It seems that many in Washington had their books upside down when they studied economics. In the midst of a serious recession, they are proposing to jack up income tax rates, which would add hundreds of thousands to the already sky-high unemployment rolls. Now we hear that the Senate is thinking about forcing high-cost electricity on already struggling businesses and households, a policy that could put hundreds of thousands more out of work.

Senator Harry Reid (D–NV) recently indicated that legislation mandating a renewable electricity standard (RES) is a possibility for the lame duck session. The proposal was cheered on by a collection of special interests—many of whom are on the receiving end of the billions in subsidies already paid for renewable energy.

An RES sounds appealing on the surface, since it employs fuels that could be free (for instance, wind and sunshine). Though wind is free when it blows and sun is free when it shines, electricity from these sources is very expensive and unreliable. And renewable electricity does virtually nothing to reduce our dependence on foreign oil, because less than 1 percent of American electricity is generated from petroleum. But an RES would reduce employment and income because it raises energy prices.

The Obama Administration’s Energy Information Administration (EIA) recently projected the costs of electricity from various sources for the year 2016. They estimate that wind and solar power will be as much as four times as expensive as electricity generated by coal or natural gas—fuels we have in considerable abundance in the U.S.

However, even these large cost increases make no adjustment for the remoteness and fickleness of wind and solar power. Except in relatively rare cases (pumped storage being one), it is not possible to store the energy generated by any source on the power grid. So any change in demand must be matched by a change in supply, or voltage will stray outside its narrow targets and lead to brownouts, surges, or power outages. This means that expensive sources of special backup power must always be ready. And the greater the quantity of erratic wind and solar power that is forced on the system, the more often this expensive backup power must be used.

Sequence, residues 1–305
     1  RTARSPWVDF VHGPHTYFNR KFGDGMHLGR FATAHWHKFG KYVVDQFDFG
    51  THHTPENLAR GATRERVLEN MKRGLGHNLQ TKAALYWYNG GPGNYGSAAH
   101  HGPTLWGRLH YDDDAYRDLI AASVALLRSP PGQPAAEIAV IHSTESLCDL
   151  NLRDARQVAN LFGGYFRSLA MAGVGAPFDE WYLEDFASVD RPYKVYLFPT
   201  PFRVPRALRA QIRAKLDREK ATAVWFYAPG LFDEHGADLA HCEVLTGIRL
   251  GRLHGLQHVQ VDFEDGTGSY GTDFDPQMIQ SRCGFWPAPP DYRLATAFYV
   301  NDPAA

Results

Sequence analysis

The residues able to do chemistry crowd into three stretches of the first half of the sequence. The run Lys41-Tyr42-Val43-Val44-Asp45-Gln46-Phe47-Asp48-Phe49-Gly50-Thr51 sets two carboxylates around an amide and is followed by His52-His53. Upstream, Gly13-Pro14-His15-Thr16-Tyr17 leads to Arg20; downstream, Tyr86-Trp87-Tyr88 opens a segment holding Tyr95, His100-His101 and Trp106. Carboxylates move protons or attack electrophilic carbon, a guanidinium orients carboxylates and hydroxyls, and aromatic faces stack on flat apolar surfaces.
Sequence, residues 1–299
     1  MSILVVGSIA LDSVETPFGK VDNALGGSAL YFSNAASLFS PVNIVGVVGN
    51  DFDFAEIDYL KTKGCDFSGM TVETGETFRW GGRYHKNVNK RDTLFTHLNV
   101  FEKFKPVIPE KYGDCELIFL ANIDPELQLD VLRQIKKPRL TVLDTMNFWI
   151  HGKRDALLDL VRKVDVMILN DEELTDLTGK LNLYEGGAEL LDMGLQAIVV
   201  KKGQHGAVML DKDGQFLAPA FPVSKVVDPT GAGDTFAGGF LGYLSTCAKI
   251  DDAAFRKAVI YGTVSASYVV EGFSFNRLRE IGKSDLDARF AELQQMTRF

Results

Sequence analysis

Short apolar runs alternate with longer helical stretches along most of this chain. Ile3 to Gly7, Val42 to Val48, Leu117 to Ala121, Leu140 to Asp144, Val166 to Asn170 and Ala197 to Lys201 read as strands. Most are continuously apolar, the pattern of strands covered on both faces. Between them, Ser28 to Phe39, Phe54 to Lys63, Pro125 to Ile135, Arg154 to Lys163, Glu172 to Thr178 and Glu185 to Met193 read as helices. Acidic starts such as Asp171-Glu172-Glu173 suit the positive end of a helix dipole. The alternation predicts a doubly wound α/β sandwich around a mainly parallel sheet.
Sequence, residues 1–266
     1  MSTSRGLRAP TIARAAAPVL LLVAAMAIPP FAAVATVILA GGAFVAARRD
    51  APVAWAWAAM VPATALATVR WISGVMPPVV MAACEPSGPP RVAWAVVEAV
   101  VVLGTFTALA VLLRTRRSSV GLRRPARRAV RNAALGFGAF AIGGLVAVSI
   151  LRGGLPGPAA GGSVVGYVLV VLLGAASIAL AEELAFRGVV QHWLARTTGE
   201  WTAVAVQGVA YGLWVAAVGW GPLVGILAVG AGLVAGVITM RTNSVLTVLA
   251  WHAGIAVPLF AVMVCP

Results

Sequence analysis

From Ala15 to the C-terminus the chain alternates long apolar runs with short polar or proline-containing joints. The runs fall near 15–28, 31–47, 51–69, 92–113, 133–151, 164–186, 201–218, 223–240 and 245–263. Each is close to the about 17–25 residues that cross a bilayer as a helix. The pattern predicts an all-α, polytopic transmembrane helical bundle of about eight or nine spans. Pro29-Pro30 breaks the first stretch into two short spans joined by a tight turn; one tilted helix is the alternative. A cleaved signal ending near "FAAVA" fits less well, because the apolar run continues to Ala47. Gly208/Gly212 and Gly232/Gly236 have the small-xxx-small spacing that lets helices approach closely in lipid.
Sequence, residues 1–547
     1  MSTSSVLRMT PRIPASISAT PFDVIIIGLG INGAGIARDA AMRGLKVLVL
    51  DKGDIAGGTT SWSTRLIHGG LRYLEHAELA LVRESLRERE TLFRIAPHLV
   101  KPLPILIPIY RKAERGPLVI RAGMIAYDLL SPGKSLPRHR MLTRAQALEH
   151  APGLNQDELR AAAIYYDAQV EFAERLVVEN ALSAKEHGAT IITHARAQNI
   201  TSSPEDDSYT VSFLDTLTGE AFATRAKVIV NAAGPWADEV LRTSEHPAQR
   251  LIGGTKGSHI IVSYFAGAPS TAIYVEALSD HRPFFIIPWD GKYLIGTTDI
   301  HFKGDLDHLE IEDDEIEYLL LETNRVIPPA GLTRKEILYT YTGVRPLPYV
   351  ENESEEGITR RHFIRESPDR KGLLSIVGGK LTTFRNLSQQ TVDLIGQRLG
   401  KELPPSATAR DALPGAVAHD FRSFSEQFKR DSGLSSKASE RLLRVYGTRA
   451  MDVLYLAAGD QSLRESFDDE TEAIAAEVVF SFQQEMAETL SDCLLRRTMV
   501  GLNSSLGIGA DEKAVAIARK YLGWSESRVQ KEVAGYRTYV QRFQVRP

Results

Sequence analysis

Further, the best wind and solar resources are far from the nation’s population and energy-demand centers. Building the necessary network of transmission lines would cost billions of dollars more.

When the EIA estimates are adjusted for these backup and transmission costs, the higher costs of wind and solar power get even worse. For instance, if an average family of four could get all of its electricity at a coal-based price, the annual cost would be $2,264 per year. If, instead it were to get all its electricity at the price needed to cover the cost of wind (onshore), it would jump to $4,075 per year. The costs are even worse for offshore wind, and the price needed to pay for electricity from solar cells would push the family’s bill to $8,614 per year.

Because RES proposals typically start with small percentages, the impacts on electric bills are initially diluted by averaging a small amount of the costly renewable energy with a large amount of the cheaper conventional energy. However, as the mandated renewable fraction grows, so does its economic impact.

Analysis of a generic RES that starts at 3 percent in 2012 and rises by 1.5 percent per year (reaching 15 percent by 2020) would kill a million jobs and cut a trillion dollars from national income by the end of the decade. Proposing such policies can only dampen the investor confidence and make it that much harder to grow the economy out of its current downturn.

The great irony here is that the U.S. is gearing up for even greater subsidies to the renewable energy industry just as the supposed leaders in Europe have woken up to the high costs and are cutting their subsidies for renewables. See here, here, and here.

The adage says wise people learn from the mistakes of others. So we can choose to be the wise person, or we can choose to be the object lesson.